Faced with uncertainty in markets and the economy, asset managers, when possible try to hedge away unwanted risk. They… uh, WE… focus on areas where we can add value through smart decisions; using all of the analytical tools we have at our side. Sure, we get paid to take risk, but we want to be smart about it.
One area that seems to get passed over more than it should is Social Security income planning. Given that some of the more esoteric Social Security strategies are, or soon will be, extinct (Google the terms ‘File-and-Suspend’ or ‘ Restricted Application’), the remaining strategy decision comes down to a relatively simple question of whether benefits should be taken currently or delayed.
As simple as it sounds, this is actually a pretty complex decision, especially in the case of married couples. For single filers, as a general rule, if you think you will live long enough to make up for the foregone year(s) of Social Security by starting later and getting higher benefits, the delay may make sense.
So, how long does it actually take to make up the difference? If, by delaying benefits by one year, you get an 8 percent increase to your benefits (the standard amount for delaying past your Full Retirement Age), it should take about 13 years of taking the higher amount to close the gap created by the delay.
But wait – if benefits are increasing each year, the annual increase will be more substantial to the higher benefit. Assuming a 3 percent rate of inflation, the ‘breakeven’ occurs about 2 years earlier, or 11 years out. If inflation were higher, the breakeven would occur even earlier. Higher inflation makes delaying benefits a more attractive option.
That said, including inflation assumptions only addresses one side of the delay issue. Another side that should be considered is the fact that, by delaying benefits, there is an opportunity cost created by either having to take money out of assets (since SS is being delayed) or not having extra income to invest. This ‘cost’ is the amount that investments would have grown by had they not been removed by the delay decision. This creates a ‘drag’ on being able to reach the break-even. Furthering our model from before, adding a 6% investment growth rate (that’s the ‘opportunity cost’), pushes the break-even period out to 17 years. Higher investment returns hurt more, and lower investment returns are better in the case of a delay decision.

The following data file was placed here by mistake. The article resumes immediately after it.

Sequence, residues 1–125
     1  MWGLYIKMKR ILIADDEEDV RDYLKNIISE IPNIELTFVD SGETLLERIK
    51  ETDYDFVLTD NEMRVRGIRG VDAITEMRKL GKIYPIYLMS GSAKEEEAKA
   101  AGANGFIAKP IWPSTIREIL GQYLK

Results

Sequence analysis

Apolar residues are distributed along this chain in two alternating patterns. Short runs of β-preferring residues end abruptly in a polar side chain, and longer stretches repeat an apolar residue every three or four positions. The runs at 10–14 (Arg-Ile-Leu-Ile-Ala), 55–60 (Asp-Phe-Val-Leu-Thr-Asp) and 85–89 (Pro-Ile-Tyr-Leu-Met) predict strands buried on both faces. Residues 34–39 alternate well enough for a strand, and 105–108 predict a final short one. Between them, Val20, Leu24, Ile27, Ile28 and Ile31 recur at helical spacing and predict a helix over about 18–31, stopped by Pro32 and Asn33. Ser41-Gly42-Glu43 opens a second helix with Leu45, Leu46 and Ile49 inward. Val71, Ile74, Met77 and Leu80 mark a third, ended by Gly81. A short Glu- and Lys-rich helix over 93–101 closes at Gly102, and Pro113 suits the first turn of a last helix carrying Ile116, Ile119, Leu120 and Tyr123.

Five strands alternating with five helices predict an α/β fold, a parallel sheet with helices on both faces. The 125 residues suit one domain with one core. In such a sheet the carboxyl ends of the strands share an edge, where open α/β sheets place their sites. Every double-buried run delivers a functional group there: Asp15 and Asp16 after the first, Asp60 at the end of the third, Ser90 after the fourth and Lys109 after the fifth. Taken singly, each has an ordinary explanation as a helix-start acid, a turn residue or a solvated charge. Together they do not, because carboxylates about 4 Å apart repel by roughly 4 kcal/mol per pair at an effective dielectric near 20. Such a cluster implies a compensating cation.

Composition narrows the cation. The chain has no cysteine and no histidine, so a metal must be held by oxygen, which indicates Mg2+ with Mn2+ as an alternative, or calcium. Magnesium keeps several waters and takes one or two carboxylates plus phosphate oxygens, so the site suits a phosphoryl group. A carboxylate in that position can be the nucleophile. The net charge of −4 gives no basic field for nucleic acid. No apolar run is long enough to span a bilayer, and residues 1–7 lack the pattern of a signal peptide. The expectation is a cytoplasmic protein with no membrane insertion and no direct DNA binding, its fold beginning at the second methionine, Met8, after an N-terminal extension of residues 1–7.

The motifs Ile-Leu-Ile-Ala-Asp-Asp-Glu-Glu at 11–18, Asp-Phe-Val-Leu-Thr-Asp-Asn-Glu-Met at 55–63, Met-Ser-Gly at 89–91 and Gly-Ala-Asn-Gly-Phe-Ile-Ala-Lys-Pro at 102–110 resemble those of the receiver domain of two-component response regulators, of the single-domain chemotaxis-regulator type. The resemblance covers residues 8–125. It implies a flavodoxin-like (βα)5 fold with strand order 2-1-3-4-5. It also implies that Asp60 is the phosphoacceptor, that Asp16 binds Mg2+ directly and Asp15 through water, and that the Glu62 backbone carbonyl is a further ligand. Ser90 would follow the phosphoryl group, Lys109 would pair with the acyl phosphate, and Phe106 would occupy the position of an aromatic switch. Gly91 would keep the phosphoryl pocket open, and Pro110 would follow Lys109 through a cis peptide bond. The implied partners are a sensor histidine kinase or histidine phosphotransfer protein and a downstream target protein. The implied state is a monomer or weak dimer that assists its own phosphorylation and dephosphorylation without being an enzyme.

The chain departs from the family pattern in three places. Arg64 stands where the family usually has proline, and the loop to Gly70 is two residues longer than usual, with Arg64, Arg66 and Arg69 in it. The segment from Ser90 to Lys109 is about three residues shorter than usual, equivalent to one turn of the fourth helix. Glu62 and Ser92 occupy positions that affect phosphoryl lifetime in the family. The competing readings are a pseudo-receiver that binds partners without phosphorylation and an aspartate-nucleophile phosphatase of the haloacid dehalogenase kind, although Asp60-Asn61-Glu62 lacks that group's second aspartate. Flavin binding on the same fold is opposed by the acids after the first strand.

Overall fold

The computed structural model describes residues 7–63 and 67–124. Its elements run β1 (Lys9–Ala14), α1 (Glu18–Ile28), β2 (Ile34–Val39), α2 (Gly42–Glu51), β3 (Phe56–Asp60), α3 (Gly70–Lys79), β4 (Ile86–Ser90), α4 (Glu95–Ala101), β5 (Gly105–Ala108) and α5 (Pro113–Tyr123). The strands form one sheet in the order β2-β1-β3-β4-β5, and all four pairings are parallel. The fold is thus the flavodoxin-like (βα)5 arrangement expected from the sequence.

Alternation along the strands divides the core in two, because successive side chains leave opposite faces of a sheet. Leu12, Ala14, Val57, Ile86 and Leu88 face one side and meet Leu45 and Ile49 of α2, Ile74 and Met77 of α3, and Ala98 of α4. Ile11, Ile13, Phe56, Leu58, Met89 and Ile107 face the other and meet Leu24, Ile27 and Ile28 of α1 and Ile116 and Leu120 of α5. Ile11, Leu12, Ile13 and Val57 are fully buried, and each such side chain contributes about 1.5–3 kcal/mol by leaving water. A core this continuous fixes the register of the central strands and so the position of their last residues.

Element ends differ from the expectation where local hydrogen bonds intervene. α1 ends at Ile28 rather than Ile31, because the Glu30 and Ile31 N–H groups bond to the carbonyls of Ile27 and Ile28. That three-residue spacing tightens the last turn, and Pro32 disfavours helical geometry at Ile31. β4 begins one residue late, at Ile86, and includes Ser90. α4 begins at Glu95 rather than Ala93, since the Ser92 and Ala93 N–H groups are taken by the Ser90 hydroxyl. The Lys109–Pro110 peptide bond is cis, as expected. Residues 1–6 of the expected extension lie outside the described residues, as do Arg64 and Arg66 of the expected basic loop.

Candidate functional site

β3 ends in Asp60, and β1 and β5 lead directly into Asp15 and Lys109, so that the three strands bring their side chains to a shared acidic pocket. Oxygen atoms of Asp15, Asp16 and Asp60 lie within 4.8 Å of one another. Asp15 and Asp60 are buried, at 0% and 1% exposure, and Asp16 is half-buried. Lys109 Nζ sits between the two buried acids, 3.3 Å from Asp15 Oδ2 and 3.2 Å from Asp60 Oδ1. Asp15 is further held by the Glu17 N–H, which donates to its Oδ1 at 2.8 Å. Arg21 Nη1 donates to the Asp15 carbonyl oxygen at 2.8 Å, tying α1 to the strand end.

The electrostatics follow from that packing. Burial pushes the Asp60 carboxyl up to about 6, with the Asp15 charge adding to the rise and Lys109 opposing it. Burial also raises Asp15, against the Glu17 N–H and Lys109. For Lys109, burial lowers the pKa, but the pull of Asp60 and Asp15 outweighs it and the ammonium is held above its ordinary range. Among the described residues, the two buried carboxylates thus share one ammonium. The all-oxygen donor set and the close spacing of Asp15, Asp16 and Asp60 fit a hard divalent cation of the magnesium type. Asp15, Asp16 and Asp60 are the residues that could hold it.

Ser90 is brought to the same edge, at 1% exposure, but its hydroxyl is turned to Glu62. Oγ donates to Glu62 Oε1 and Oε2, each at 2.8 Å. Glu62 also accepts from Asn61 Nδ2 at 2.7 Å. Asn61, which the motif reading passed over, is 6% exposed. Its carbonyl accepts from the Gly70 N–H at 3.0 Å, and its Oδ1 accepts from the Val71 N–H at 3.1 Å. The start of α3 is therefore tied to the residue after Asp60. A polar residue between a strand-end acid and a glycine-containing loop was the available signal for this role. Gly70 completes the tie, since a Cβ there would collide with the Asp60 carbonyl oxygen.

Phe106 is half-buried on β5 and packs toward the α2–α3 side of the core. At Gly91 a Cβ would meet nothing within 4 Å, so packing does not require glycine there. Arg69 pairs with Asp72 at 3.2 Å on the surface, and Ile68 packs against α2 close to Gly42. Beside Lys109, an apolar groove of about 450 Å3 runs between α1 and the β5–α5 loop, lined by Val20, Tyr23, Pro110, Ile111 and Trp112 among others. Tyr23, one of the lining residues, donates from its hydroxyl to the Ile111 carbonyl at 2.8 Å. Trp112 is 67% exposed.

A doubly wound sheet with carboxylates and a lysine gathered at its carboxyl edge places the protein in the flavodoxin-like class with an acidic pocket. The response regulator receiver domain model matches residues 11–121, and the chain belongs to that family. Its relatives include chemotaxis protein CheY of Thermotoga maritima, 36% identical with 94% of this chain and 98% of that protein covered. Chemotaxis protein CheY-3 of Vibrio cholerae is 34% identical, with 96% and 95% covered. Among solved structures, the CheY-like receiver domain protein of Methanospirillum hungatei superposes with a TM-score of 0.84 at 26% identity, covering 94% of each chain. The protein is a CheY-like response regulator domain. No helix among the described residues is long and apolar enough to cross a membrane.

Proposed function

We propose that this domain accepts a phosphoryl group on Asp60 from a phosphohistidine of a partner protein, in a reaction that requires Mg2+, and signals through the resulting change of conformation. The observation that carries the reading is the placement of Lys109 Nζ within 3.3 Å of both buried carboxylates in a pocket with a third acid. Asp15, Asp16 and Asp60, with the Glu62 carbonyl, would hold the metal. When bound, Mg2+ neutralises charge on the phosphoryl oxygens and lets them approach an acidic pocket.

Although the inclusion of investment opportunity cost delays the breakeven on a delay strategy, it also increases the benefit of delaying once someone does cross the break-even age. In a case where someone foregoes a $1,000 monthly benefit to start a higher benefit (say, $1,080) the following year, they begin the second year $12,000 ‘in the hole’ and that’s the delay penalty they need to make up. Continuing the last example, if we assume 6 percent investment opportunity cost, it takes about 17 years to make up the $12,000. However, once it’s made up, it only takes another 6 years for the recipient to be AHEAD by $12,000… and around 3.5 years later, the recipient is up another $12,000! In other words, longevity can substantially magnify the benefits of the delay decision.
Here is the point of all this: When we are planning retirement and needing to live off of a base of assets, we have a few major challenges (risks) that we need to consider:
- Higher than expected inflation
- Lower than expected investment returns
- Higher than expected longevity
Those three risks to an investment portfolio are exactly the three things that actually work to improve outcomes under a Social Security delay strategy!
The decision on when to take Social Security is one that deserves close attention and analysis. Well-thought-out strategies will reduce the risk that you run out of money during your life. Take the time to get it right, and make an asset manager happy!
 https://personal.vanguard.com/us/insights/retirement/plan-for-a-long-retirement-tool?lang=en features a great tool for estimating the probability you will live past your breakeven point – or any other hurdle!